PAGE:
Australia’s retail super funds are demanding equal billing with industry funds as default options in industry awards, which sounds fair enough, and the government is inclined to do it.
But before doing it the government should demand to know why they are giving their customers 25 per cent less in retirement than the industry funds, and what they are going to do about it.
That, by the way, is the end result of retail funds’ lower average long-term compound returns -- 5.8 per cent versus the industry funds’ 7 per cent
But super funds can't promise anything, they can only tell you what they’ve done in the past, and that is no guide at all to the future.
Choosing a bank is easy: they each promise to pay a certain interest on your savings and to charge you a certain rate on your loan, which means you can weigh up the various promises and pick one.
Super, on the other hand, is a lottery. You pick a fund, or have one chosen for you, and then 30 or 40 years later when you retire, you find out what you got. If you were lucky enough to pick a good one, you get cruises and restaurants; if you got a dud, then it’s sausages in front of the telly.
The only thing that matters with super is the long-term return; all the rest is marketing spin and irrelevance.
This week, super fund research house Chant West published the returns for 2014. The median ‘growth fund’ performance was 8.5 per cent; the top performer (the Queensland public servants’ fund, QSuper) made 12.7 per cent and the worst (unnamed) produced 6.5 per cent.
These numbers are both irrelevant and shocking. Can you, or should you now choose QSuper as your fund? Well, the longest performance data on its own website is five years -- over which period the fund got 8.7 per cent for the “balanced option”, whatever that means, and 10.04 per cent for ‘aggressive’. Not 12.7 per cent.
As the website notes “past performance is not a reliable indicator of future performance”, but that’s the only thing anyone has to go on.
Why are the numbers shocking? Well let’s apply them to someone who saves $500 a month for 35 years, from age 25 to 60 (that’s about 9 per cent of a $67,000 salary).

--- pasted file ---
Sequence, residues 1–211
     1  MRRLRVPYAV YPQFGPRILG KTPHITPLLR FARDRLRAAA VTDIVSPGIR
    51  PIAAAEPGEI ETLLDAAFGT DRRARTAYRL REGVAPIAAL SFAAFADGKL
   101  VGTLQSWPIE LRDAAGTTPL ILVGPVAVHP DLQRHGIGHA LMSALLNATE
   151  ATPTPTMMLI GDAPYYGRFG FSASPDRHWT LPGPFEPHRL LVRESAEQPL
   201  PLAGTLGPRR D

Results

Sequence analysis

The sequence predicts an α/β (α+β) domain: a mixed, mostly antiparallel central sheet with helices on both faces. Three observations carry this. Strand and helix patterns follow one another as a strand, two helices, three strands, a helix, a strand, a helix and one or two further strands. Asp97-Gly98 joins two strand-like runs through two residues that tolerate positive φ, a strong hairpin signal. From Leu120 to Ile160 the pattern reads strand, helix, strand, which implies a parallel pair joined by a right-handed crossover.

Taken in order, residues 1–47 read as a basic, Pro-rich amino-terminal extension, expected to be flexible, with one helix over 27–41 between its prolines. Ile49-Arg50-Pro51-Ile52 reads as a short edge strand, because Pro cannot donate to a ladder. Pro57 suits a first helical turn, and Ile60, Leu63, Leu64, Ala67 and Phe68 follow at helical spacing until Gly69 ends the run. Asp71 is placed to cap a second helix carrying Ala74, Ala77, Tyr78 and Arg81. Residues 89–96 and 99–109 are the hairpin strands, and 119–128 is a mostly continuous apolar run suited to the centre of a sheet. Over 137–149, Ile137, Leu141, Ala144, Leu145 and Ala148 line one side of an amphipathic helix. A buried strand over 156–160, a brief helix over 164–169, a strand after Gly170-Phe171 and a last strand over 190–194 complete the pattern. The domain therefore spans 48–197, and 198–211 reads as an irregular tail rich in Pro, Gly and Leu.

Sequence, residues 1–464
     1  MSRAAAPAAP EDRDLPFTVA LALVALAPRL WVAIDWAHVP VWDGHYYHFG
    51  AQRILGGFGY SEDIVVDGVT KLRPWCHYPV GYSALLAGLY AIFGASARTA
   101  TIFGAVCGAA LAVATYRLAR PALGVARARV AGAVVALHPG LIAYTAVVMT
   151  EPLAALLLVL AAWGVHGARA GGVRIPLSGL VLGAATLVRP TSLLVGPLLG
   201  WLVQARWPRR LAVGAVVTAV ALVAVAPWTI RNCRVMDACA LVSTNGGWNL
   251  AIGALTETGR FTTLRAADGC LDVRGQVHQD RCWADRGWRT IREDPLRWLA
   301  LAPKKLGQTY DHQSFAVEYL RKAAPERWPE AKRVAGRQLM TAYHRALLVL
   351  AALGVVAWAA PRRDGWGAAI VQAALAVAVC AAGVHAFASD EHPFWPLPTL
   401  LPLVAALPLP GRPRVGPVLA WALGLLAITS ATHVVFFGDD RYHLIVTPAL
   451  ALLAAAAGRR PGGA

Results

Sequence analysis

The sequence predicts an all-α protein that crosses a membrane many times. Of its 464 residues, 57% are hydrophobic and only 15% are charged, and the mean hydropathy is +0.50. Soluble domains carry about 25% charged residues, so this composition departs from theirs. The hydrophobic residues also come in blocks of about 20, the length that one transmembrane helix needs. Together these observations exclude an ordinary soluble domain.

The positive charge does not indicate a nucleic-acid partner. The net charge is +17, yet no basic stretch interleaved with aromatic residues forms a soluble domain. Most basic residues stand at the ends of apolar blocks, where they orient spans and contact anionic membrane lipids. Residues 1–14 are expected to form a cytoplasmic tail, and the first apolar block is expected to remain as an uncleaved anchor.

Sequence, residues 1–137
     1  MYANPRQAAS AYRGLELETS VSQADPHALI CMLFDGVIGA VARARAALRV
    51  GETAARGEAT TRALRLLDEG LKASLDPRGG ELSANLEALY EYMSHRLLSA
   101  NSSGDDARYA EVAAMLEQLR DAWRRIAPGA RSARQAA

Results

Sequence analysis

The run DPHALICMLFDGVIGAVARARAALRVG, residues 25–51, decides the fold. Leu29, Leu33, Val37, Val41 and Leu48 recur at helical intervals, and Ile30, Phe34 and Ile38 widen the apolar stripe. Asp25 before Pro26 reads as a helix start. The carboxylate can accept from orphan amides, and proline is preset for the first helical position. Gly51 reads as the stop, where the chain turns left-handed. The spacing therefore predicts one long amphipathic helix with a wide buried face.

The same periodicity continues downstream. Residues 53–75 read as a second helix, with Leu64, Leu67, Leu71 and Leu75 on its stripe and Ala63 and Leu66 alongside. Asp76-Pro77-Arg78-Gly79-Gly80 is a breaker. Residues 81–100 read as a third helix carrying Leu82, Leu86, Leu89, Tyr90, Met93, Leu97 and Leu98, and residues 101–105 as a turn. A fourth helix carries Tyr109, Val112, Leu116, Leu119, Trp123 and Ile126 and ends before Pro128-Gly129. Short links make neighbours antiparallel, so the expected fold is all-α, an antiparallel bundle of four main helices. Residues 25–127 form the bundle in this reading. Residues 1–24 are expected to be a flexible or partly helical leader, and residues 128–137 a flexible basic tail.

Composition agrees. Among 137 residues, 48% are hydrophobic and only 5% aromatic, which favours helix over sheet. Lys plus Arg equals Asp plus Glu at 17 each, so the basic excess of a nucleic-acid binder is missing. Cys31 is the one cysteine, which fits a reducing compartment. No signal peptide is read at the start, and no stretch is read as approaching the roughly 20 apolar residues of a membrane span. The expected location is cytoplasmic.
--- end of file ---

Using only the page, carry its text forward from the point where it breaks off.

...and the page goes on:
Using a long-term return of 6.5 per cent (the worst performer in 2014), which Chant West described as ‘respectable’, that sort of savings plan results in roughly $800,000. Using the 12.7 per cent that QSuper achieved last year, it results in $3.8 million.
That difference is mind-blowing. Of course, everyone will tell you that 12.7 per cent is impossible to get over 35 years, except that Warren Buffett has achieved a 21 per cent annual return over 50 years, and plenty of Australian fund managers have achieved at least 12.7 per cent and more over the long term.
By the way, that’s because they don’t employ ‘asset allocation’ -- they just invest in companies, which is what anyone investing for the very long term should do. The short-term volatility of share markets is irrelevant. (And by the way, if you gave Warren Buffett $500 a month over 35 years, you would end up with $41.7 million. Just sayin’.)
So what’s the median long-term return from all Australian super funds?
According to Chant West it’s 6.7 per cent for ‘growth funds’ (60-80 per cent invested in “growth assets”) over 15 years, which is the longest data available, and for ‘balanced funds’, it’s 5.9 per cent – worse than the worst performing fund in 2014.
The retirement sum for the 35 year/$500-per-month saver at the ‘balanced’ fund return of 5.9 per cent compound is a bit less than $700,000. This is an absolutely miserable result in my view, and doesn’t even get the retiree off the pension. The 6.7 per cent median growth option produces $839,000, only a little better.
Can you do better than 6-7 per cent compound return over the long term that Australian super funds, on average, provide? Warren Buffett did it.
Well, Australian Foundation Investment Co, one of the most conservative funds, has produced a 10-year compound return of 10 per cent. That would result in $1.9 million for someone who had used them exclusively for 35 years (assuming AFIC kept that 10 per cent going which, as we know, you can’t assume).
Let’s randomly pick another fund manager -- Hyperion Australian Growth Companies. Its PDS says the return since 2002 has been 12.2 per cent. That 12-year result would provide a retirement sum of $3.4 million if extended over 35 years for a $500/month saver.
As for industry funds versus retail funds, according to Chant West, industry funds have produced a compound annual return of 7 per cent over 15 years, while the performance of retail funds over that period has been 5.8 per cent.
Those returns, if extended for 35 years for our $500-per-month saver, would result in $900,000 and $680,000 in retirement respectively. That’s a $220,000, or roughly 25 per cent, difference.
For a start, when the retail fund sector demands equal billing in industry awards with industry funds, the government should be asking them why they are giving their customers 25 per cent less than the industry funds in retirement, and what are they going to do about it?
And secondly, if the government is going to provide more choice, what is it going to do to help people make that choice?
The one-year returns are irrelevant, and possibly misleading. The 15-year returns are more meaningful, but there is no easily available comparison of long-term super fund returns.
More likely, employers will choose for us. But the same problem arises -- on what basis do they choose?
How about this: if you want to keep your overdraft, you’ll choose the bank’s fund?